undertakings in accordance with the ODS Regulation
for 2015 and looks at the major trends since 2006. Aggregated data reported by companies on the import, export,
production, destruction, and feedstock and process agent use
of ozone-depleting substances in the European Union
This report does three things. It provides an overview
of market‑based instruments (MBIs) established by
EU environmental legislation. Then it explains the
established definitions and rationales for the application
of environmental taxes and discusses their current
design and application in EEA member countries. It
concludes with overall findings and some reflections
on the potential for long-term tax-shifting programmes
in the context of policy targets as well as technological
innovation and demographic changes.
The intended audience of this European Environment
Agency (EEA) publication is the professional
environmental evaluation community, that is,
evaluators of European environment and climate
policies, the EEA's networks and interested evaluation
professionals, including those that are active in the
European Environmental Evaluators Network (EEEN).
The publication aims to facilitate a dialogue on policy
evaluation, by clearly setting out the EEA's views on
some of the challenges that evaluators encounter in the
areas of environment and climate policy.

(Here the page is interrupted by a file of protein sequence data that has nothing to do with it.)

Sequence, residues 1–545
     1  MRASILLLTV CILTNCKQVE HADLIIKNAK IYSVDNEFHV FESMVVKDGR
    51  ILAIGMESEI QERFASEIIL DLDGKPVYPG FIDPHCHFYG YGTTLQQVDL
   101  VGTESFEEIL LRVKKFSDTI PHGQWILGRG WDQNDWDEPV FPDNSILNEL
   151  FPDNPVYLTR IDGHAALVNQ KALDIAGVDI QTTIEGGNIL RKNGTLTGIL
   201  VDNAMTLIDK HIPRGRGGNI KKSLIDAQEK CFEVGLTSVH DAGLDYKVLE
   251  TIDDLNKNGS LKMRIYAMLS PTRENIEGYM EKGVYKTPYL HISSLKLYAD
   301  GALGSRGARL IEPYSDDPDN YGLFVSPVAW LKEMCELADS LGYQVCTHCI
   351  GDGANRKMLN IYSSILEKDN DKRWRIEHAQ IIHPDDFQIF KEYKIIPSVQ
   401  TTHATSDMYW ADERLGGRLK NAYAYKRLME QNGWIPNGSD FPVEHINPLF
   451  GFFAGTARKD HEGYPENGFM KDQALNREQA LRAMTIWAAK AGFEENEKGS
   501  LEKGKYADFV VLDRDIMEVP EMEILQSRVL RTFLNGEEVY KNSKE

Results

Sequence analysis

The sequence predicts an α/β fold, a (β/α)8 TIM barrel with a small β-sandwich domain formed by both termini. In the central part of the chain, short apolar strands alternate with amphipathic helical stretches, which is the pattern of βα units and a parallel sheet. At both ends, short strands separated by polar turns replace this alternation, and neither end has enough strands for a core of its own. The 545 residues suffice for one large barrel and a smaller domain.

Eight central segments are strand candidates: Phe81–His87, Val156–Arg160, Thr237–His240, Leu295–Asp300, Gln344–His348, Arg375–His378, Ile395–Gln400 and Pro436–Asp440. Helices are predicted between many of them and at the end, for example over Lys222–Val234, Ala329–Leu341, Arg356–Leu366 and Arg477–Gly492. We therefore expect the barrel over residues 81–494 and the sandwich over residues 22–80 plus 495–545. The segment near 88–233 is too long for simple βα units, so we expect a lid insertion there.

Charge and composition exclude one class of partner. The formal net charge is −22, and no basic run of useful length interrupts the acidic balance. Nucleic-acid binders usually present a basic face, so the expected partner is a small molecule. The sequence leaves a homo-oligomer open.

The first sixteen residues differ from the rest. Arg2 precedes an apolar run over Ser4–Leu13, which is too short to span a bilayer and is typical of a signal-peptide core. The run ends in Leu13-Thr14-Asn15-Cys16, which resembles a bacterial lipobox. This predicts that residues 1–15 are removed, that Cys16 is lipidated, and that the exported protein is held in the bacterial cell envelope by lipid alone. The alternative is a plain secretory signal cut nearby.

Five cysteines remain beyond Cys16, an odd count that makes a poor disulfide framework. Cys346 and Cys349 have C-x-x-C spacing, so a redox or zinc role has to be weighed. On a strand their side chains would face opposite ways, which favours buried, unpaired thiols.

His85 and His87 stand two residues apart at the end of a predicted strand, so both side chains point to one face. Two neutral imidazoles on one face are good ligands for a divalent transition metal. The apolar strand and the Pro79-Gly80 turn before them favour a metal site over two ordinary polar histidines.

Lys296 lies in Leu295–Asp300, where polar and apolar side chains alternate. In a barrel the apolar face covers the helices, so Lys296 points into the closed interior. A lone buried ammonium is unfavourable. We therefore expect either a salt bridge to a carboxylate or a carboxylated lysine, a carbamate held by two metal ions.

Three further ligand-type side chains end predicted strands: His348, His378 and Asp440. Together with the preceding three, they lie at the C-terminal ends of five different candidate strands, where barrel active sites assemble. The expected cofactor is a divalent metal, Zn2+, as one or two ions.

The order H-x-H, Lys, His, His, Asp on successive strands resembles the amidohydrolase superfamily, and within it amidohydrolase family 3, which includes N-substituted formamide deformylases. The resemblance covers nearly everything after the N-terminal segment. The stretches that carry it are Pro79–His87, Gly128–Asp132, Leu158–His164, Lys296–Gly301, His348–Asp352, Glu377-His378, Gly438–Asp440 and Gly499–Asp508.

This document is the annual European Union (EU) emission inventory report to the United Nations Economic Commission for Europe (UNECE) Convention
on Long-range Transboundary Air Pollution (CLRTAP). The report and its accompanying data constitute the official submission by the European Commission (EC) on behalf of the EU as a Party to the Executive Secretary of UNECE. The report is compiled by the European Environment Agency (EEA) in cooperation with the EU Member States.
This report builds on and complements existing products and initiatives on urban adaptation in Europe. It focuses on the state of actions in the field and progress achieved since the first EEA report in 2012, and it considers this analysis in relation to current challenges: Do existing actions lead to attractive, climate-resilient cities and if not, what needs to be changed? The report aims to broaden perspectives and provide input to a review and subsequent adjustment of urban adaptation to climate change by local governments and by supporting regional, national and European institutions, researchers and other relevant stakeholders.
For references, please go to http://www.eea.europa.eu/publications/latest or scan the QR code.